Vol.34-No.02 February 1,1995
The survey on the realities of private-sector education and training programs, which has been taken annually since 1979, covers establishment with 30 and more employees as well as their workers in construction, manufacturing, transportation and communications, wholesale and retail trade, eating and drinking places, finance and insurance, real estate and services. The February 1994 survey covered about 4,000 establishments and their 12,000 employees and the related education and training programs for white-collar workers as well as worker self-enhancement activities currently underway.
In the survey, the Ministry found the following three major facts. First, employers are currently implementing OFF-JT to develop the vocational ability of white-collar workers but plan to increasingly recognize the importance of on-the-job training (OJT) in future years. Second, the highest percentage of employees see gaining sophisticated expertise in professional fields as the future objective of OFF-JT for white-collar workers, excluding newly hired ones. And third, slightly less than 50 percent of employers have introduced a system to evaluate vocational ability of white-collar workers.
In the survey covering 12,000 employees, the Ministry found two major facts. First, the largest percentage of employees regard the objective of undergoing OFF-JT as "responding adequately to sophisticated job content." Second, the highest percent expect the company to financially support them in self-enhancement efforts. Meanwhile, many called for provision of information on self-enhancement activities and are concerned about the time necessary to undergo educational training programs.
In 1993, 54.1 percent of white-collar workers underwent self-enhancement activity support programs. Many of them "took a correspondence course," "received education on TV and over the radio or through professional books" and "attended study sessions sponsored by the company."
The company will intiate the system at its production division of home-use air conditioning, where workers will put in 9 hours a day in the spring-to-summer period and will clock 8 hours during the fall-to-winter period. By adopting the system, the corporation intends to supply workers within a given framework both in the active and the inactive period without vastly changing the size of the work force.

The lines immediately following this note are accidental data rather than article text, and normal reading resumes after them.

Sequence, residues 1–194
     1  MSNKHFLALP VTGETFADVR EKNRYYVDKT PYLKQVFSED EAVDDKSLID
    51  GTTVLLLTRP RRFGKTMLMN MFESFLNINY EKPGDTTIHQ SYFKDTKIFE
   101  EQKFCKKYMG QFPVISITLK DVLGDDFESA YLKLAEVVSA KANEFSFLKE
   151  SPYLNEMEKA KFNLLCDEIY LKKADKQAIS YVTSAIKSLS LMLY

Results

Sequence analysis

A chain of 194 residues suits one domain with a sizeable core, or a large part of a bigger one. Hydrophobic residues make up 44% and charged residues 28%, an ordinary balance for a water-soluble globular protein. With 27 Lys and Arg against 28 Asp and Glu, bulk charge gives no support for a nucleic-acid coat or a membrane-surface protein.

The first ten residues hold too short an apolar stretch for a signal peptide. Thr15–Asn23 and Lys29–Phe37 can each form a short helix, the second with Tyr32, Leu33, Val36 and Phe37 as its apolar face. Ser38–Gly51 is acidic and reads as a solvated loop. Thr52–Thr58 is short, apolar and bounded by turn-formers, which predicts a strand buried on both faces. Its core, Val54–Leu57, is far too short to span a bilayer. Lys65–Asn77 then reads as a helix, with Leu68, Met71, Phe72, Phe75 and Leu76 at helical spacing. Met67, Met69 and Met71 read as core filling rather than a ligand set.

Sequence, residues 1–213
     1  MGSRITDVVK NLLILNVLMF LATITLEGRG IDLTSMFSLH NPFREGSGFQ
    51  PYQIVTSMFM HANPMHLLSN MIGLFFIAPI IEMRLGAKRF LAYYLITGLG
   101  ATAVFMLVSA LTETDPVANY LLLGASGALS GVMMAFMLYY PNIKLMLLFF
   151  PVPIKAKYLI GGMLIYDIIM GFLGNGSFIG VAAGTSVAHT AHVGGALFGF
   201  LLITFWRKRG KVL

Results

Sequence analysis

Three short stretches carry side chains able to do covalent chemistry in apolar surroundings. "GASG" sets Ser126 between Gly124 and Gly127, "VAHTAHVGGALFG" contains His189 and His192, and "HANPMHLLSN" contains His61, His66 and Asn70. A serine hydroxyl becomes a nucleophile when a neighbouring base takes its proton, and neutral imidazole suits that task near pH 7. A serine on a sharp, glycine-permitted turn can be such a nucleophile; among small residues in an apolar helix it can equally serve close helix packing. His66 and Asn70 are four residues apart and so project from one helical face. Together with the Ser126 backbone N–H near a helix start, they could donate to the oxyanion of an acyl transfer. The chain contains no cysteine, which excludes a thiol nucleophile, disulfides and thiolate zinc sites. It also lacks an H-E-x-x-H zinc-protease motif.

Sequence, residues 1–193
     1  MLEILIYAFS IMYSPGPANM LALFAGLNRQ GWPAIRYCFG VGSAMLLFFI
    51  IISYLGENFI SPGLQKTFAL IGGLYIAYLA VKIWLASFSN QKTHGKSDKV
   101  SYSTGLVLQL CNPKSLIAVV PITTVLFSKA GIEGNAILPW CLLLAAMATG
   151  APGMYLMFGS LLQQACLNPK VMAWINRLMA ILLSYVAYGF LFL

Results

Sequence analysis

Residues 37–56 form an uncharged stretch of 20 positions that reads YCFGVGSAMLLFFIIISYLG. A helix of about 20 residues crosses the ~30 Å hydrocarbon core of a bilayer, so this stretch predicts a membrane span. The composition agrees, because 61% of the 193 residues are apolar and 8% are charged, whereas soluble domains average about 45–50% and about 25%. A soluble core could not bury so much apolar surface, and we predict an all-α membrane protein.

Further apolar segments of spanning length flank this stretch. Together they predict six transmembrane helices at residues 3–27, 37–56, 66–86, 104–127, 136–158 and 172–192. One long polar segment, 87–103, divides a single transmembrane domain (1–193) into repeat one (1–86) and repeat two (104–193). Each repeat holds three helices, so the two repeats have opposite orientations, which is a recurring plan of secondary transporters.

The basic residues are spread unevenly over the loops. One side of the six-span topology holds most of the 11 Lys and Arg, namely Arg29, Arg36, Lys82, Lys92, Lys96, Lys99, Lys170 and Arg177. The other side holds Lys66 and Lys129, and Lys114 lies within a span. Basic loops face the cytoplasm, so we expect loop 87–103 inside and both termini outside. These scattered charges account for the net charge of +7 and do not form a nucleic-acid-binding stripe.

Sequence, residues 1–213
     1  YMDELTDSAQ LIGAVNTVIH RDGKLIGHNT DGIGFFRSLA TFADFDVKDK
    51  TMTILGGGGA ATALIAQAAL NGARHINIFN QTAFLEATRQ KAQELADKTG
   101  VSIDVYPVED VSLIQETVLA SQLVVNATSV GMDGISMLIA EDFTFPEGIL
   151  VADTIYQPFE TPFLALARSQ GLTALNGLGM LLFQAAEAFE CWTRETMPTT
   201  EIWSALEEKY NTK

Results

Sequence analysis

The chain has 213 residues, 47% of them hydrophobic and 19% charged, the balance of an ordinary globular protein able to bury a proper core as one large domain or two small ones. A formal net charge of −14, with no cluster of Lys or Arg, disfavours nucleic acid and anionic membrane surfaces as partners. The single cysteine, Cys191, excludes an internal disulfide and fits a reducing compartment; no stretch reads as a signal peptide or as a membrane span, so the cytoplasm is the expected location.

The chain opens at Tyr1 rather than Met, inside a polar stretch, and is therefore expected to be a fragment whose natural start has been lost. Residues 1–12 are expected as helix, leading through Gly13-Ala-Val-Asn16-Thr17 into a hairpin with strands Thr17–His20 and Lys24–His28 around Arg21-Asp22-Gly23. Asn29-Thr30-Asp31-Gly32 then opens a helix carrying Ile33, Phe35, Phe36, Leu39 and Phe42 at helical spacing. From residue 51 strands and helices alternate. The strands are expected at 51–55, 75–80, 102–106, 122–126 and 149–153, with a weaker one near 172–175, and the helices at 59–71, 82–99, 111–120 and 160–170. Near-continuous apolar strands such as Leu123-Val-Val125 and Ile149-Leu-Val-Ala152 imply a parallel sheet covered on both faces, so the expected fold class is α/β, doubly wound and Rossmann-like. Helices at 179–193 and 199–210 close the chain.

Under the variable working hours system, companies had to hold scheduled weekly working hours to within 40 with an avarage maximum variable period of three months. However, revision in April 1994 of the Labour Standards Law (LSL) allowed the variable period to be extended to one year, enabling home electronics and food products industries, in which the length of working hours changes from season to season, to easily introduce such plans.
Daikin has adopted the new working hours scheme at its plant in Shiga prefecture, the main home-use air conditioning factory, and its related divisions, with about 540 employees benefitting from the system. In April 1994, the company extended scheduled working hours by one hour on an experimental basis and found that overtime for regular employees decreased during the peak summer period and also that the number of temporary contract workers dropped. As a result, the company set scheduled daily working hours at 9 hours with the February-July period as the active period, to make the new system take firm root. During the inactive months from August to January, workers will clock 8 hours a day as before. They take a two consecutive-week-long vacation twice a year to hold their annual scheduled hours to within statutory limit. Production of home-use air conditioning varies greatly from season. In the peak summer months, production volume nearly doubles that of the inactive months. Daikin coped with this by recruiting temporary contract workers and having regular employees work overtime. But rising labor costs these days have prompted the firm to introduce a system which responds properly to seasonal changes between active and inactive months.
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